Eleven days in May: 6. A relative calm
On 20th May 2021 a ceasefire was agreed between Hamas and Israel, marking the end of an 11-day war that cost hundreds of lives. We spoke to three Palestinians and three Israelis about the brief and bloody conflict to see why it arose, how the fighting unfolded and what happened next
20th May 2021 (Taken from: #43)
This is the sixth interview in a six-part series. See the other interviews here.
On 20th May, a ceasefire was agreed between Hamas and Israel. According to the UN, 260 Palestinians had been killed in Gaza, 129 of whom were civilians, including 66 children. In contrast, groups in Gaza had fired 4,360 unguided rockets towards Israel, killing 12 civilians, including two children and one soldier. While thousands of cars and buildings suffered light damage in Israel, and several synagogues and schools were burned down in communal rioting, the UN estimates that 459 buildings were destroyed or heavily damaged in Gaza, including six hospitals, 11 clinics and 53 schools.
Dr Yara Hawari
Senior analyst at Al-Shabaka
It’s been a long and difficult few months for Dr Yara Hawari. The Gaza war ended on 20th May, having taken many lives, but a new set of crises presented themselves in the relative calm, if not quite peace, that followed. Online activist Nizar Banat, whose popular social media posts detailed rampant corruption in the Palestinian Authority in the West Bank, was arrested and beaten to death, allegedly by Palestinian security forces. Protests followed in cities across the West Bank; these were violently suppressed. In one reported instance plainclothes police officers targeted journalists and women, assaulting them and threatening rape. “The protests are against the PA and against the killing, the political assassination of a civil society figure,” says Hawari, an analyst at Al-Shabaka, a Palestinian think tank based in Ramallah. “It has been quite an exhausting summer with various different spurts of protests.”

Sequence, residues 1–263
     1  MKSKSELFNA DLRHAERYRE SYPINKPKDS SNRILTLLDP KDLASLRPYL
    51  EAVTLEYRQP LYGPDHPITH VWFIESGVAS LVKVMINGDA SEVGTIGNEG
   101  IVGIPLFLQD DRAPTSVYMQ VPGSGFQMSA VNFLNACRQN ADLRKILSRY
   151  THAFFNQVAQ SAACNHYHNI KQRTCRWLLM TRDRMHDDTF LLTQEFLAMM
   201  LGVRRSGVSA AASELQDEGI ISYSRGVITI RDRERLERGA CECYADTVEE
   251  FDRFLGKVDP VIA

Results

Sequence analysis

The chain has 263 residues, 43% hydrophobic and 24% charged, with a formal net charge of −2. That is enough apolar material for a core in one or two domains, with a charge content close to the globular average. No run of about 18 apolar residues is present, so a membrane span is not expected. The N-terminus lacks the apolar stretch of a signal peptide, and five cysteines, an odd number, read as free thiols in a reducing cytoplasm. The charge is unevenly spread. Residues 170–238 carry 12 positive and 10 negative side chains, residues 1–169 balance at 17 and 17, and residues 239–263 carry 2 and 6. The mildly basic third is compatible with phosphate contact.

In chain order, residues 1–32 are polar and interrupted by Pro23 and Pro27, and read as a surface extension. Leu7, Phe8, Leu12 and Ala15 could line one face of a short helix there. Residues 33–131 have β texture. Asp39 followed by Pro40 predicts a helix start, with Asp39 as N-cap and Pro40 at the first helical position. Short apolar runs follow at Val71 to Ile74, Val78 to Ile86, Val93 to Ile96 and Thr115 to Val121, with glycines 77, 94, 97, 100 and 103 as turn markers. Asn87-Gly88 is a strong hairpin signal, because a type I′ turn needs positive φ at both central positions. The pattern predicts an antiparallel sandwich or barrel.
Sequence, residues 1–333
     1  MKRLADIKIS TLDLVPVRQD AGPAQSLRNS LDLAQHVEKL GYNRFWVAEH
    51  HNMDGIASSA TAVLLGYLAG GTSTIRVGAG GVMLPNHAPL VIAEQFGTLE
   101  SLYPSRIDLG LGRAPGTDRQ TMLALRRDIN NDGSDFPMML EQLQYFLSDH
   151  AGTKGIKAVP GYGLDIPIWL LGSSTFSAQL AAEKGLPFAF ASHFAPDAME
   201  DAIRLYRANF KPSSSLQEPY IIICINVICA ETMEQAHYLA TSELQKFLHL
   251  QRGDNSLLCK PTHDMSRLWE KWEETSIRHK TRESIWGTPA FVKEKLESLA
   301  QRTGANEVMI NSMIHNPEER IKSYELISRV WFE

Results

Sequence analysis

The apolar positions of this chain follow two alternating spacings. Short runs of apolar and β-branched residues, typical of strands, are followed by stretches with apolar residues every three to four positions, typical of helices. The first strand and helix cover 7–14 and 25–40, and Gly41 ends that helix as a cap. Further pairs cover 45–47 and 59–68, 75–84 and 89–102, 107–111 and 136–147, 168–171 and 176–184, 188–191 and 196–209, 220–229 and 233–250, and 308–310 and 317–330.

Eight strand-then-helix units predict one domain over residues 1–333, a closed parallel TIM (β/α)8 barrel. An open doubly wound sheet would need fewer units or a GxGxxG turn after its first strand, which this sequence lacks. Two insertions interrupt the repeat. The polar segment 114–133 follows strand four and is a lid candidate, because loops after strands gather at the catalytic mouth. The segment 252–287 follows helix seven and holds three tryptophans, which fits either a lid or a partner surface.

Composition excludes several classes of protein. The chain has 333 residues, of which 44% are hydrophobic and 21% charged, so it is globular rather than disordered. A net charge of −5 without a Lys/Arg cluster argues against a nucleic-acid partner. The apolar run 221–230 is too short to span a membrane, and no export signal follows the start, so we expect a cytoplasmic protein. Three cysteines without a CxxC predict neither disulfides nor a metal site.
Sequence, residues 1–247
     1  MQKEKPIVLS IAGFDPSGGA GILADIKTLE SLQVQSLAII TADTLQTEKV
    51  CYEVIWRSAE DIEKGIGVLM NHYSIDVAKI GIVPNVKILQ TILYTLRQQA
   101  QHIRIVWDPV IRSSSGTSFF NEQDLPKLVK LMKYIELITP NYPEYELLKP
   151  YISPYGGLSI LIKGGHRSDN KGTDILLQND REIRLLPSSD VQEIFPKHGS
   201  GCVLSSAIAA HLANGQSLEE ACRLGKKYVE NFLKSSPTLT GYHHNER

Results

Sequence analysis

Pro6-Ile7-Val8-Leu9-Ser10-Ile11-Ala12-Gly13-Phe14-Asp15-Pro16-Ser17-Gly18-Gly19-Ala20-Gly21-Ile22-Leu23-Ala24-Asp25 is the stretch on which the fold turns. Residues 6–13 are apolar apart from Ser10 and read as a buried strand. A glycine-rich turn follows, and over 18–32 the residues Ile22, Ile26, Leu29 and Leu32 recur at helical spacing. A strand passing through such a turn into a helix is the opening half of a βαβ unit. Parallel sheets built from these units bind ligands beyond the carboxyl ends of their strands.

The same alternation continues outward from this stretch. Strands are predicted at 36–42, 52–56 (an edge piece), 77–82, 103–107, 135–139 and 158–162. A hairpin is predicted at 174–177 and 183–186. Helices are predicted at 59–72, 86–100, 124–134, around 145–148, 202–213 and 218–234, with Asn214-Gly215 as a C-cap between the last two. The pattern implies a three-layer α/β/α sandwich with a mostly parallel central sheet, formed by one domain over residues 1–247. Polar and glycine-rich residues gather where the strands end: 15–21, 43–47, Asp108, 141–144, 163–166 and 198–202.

The string of protests highlighted the growing authoritarianism of the PA, which has also ordered the arrest of political opponents and social media users who have criticised it. The banners at the protests calling for a new leader also showed just how unpopular president Mahmoud Abbas has become. The 85-year-old has been in power since 2005 and elections haven’t been held since 2006. Elections were again postponed in April, nominally over the issue of voting rights for Palestinians in East Jerusalem, but few believe that to be the true reason. Hamas would have likely made gains even before the May war made the PA look inept and peripheral by comparison. “I don’t think that it’s coincidental,” says Hawari. “I think those things [the PA’s absence in the recent Gaza-Israel war and the crackdown on dissent in the West Bank] are absolutely linked. The PA was completely absent from the mobilisations that took place. So there was a need for them to reassert their dominance and control, and there was a perfect opportunity to do so with the assassination of Nizar Banat, and then the subsequent repression of the protests that were calling for justice and accountability for the killing.”